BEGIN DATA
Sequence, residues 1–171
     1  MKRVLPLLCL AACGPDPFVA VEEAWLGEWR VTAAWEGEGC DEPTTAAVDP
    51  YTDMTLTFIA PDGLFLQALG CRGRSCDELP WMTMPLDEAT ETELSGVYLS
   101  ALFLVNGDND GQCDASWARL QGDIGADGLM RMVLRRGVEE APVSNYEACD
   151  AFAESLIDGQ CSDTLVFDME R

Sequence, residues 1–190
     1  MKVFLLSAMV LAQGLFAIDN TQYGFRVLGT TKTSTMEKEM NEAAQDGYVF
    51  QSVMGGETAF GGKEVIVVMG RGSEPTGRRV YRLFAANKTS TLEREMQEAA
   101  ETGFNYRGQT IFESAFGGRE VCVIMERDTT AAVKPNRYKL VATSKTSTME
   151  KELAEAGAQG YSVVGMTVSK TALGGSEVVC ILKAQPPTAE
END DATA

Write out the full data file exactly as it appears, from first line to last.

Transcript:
Sequence, residues 1–171
     1  MKRVLPLLCL AACGPDPFVA VEEAWLGEWR VTAAWEGEGC DEPTTAAVDP
    51  YTDMTLTFIA PDGLFLQALG CRGRSCDELP WMTMPLDEAT ETELSGVYLS
   101  ALFLVNGDND GQCDASWARL QGDIGADGLM RMVLRRGVEE APVSNYEACD
   151  AFAESLIDGQ CSDTLVFDME R

Sequence, residues 1–190
     1  MKVFLLSAMV LAQGLFAIDN TQYGFRVLGT TKTSTMEKEM NEAAQDGYVF
    51  QSVMGGETAF GGKEVIVVMG RGSEPTGRRV YRLFAANKTS TLEREMQEAA
   101  ETGFNYRGQT IFESAFGGRE VCVIMERDTT AAVKPNRYKL VATSKTSTME
   151  KELAEAGAQG YSVVGMTVSK TALGGSEVVC ILKAQPPTAE